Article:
EBay Deletes the Queer PastBreaking News
tags: censorship, erotica, cultural history, LGBTQ history, history of sexuality
One day almost twenty years ago, the historian Vi Johnson won an eBay auction for a numbered first edition of “Sex Life in England Illustrated,” by Iwan Bloch, an early sexologist. (Among Bloch’s bona fides: he located and published the manuscript of the Marquis de Sade’s “The 120 Days of Sodom,” long thought lost.) Johnson recalled that, afterward, “I was talking to the buyer I bid against, or technically sniped, thinking I had a new friend I could talk to about finding erotica. But he thought I was what he was—a buyer for the right wing.” The rival bidder was being paid to find erotic books on eBay and destroy them. Johnson, who “came out as both a lesbian and a pervert in 1974,” was stunned, and thereafter she dedicated herself to preserving the histories of sexuality and making them accessible. “I swore that if I could find it, grab it, steal it, buy it, borrow it, beg it, I was going to save it.”
Johnson and her wife, Jill Carter, now count some forty thousand books and artifacts in their queer-focussed Carter/Johnson Leather Library and Collection, located in Newburgh, a suburb of Evansville, Indiana. Early acquisitions came through friends and friends of friends within the B.D.S.M. scene, but, for years, Johnson has depended heavily on eBay to learn what’s available and for acquisitions. The collection, stuffed with ashtrays and shot glasses from bygone leather bars, programs from kink conferences, and thousands of dirty books, has spilled over from Johnson and Carter’s single-level brick home into a second house. Johnson recently set up a “Scholar’s Room” in the new digs, to welcome researchers who desire to study the archive. “Effectively, you’re coming to Grandmom’s house,” she said. “It’s just your Grandmom happens to be as twisted as an old coat hanger.” That afternoon, she told me, a visiting writer had just settled in to explore intersections of architecture and lesbian kink.
Recently, eBay has shifted company policy in ways that will make further acquisitions of erotica difficult. In May, the platform banned the sale of “sexually oriented materials”—including magazines, movies, and video games—and closed its “Adults Only” category to new listings in the United States. There are a few explicit exemptions, including Playboy; Penthouse; the gay art zine Butt; the satirical, women-run erotica magazine On Our Backs; and something called Fantastic Men, which appears to be a misspelling of the PG-rated men’s style magazine Fantastic Man. “Nude art listings that do not contain sexually suggestive poses or sexual acts are allowed,” the policy states. Materials falling afoul of such distinctions—which could presumably include anything from reproductions of Michelangelo’s horned-up “The Expulsion from Paradise” to back copies of Black Inches—are, apparently, now beyond the pale.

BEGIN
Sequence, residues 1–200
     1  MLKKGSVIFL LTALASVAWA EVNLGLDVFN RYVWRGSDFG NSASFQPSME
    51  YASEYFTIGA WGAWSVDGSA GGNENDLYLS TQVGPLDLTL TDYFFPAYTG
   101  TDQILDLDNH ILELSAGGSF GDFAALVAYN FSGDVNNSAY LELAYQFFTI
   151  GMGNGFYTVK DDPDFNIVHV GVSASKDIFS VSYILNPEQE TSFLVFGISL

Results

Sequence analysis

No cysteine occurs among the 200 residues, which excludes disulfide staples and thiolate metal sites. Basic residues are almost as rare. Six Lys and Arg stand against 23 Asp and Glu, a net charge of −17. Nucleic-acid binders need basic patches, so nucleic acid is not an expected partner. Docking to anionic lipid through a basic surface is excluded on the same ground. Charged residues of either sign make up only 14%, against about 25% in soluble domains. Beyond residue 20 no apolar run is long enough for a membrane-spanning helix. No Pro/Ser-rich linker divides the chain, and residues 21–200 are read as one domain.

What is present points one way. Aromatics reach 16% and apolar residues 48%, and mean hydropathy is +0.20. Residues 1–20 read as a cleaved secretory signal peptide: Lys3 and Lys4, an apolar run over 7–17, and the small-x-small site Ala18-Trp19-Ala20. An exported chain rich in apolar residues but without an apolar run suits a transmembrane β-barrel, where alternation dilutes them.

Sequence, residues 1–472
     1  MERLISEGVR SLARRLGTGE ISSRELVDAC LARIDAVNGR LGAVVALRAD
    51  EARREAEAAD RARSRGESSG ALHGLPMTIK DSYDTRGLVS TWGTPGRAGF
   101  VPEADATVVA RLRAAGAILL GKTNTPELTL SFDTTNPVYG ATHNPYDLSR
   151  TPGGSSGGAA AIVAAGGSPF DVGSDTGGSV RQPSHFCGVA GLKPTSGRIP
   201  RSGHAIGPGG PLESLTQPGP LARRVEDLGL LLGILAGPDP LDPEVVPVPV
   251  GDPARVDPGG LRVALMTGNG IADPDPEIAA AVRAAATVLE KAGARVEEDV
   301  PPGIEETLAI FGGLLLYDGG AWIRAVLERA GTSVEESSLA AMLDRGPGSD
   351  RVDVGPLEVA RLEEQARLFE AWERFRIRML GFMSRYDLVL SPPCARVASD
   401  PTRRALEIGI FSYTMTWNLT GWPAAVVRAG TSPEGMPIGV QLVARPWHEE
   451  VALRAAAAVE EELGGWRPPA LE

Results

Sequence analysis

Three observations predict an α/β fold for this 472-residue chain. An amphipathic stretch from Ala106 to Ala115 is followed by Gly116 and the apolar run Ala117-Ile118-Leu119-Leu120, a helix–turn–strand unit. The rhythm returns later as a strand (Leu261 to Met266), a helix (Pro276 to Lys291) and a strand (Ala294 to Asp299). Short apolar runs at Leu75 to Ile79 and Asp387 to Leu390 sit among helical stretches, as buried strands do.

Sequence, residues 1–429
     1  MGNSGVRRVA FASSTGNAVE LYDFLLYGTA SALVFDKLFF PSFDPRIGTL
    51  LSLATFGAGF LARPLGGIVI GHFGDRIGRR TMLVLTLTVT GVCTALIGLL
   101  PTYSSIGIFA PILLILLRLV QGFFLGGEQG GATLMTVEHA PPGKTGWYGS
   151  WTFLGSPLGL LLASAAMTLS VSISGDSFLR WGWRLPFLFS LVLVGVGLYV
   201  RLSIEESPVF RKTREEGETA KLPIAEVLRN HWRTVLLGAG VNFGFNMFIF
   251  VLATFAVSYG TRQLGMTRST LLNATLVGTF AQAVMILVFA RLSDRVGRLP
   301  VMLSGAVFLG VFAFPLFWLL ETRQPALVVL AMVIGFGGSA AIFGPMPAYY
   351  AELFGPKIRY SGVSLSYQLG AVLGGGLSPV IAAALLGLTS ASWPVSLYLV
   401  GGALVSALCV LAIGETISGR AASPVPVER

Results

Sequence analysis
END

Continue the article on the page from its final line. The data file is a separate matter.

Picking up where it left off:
The ban appears to be related to the House’s Fight Online Sex Trafficking Act and the Senate’s Stop Enabling Sex Trafficking Act, known together as fosta-sesta, an effort by victim’s-rights advocates and right-wing activists to crack down on sex work. One feature of the legislative package was to make Web sites liable for hosted content that might “promote or facilitate the prostitution of another person.” After Donald Trump signed fosta-sesta into law, in 2018, Craigslist shut down its personals listings, Tumblr banned sexual content, Facebook prohibited the formation of groups organized around sexual encounters, and Instagram ramped up its policing of user content, especially that which includes any hint of human nudity. Also of possible relevance: eBay recently began using the Dutch fintech company Adyen for electronic payment services. Like many payment-processing companies, Adyen refuses to participate in the sale of adult materials. Similar concerns by payout providers were reportedly at the center of the recent decision by OnlyFans, the content subscription platform, to ban sexual content—a move they reversed after considerable outcry led by the sex workers who, in large part, helped the company build a valuation of some one billion dollars. In a written statement to me about the change in policy at eBay, a spokesperson said, “eBay is committed to maintaining a safe, trusted and inclusive marketplace for our community of buyers and sellers and we are continually reevaluating product categories allowed on the platform.”
Drew Sawyer, a curator at the Brooklyn Museum, said that he has “often turned to eBay for printed matter, magazines, zines, and photographical reproductions” when preparing exhibitions. “Even if—if—they’re archived in libraries, they’re often easier to buy on eBay from logistical and registrarial perspectives. And also cost.” For an upcoming retrospective, Sawyer won a copy of the photographer Jimmy DeSana’s self-published 1979 monograph, “Submission: Selected Photographs.” It’s one of only a hundred or so copies ever made, and a crucial document of a moment when queer sexuality and conceptual art intermingled. “DeSana is an artist whose work would fall under this new policy,” Sawyer said.
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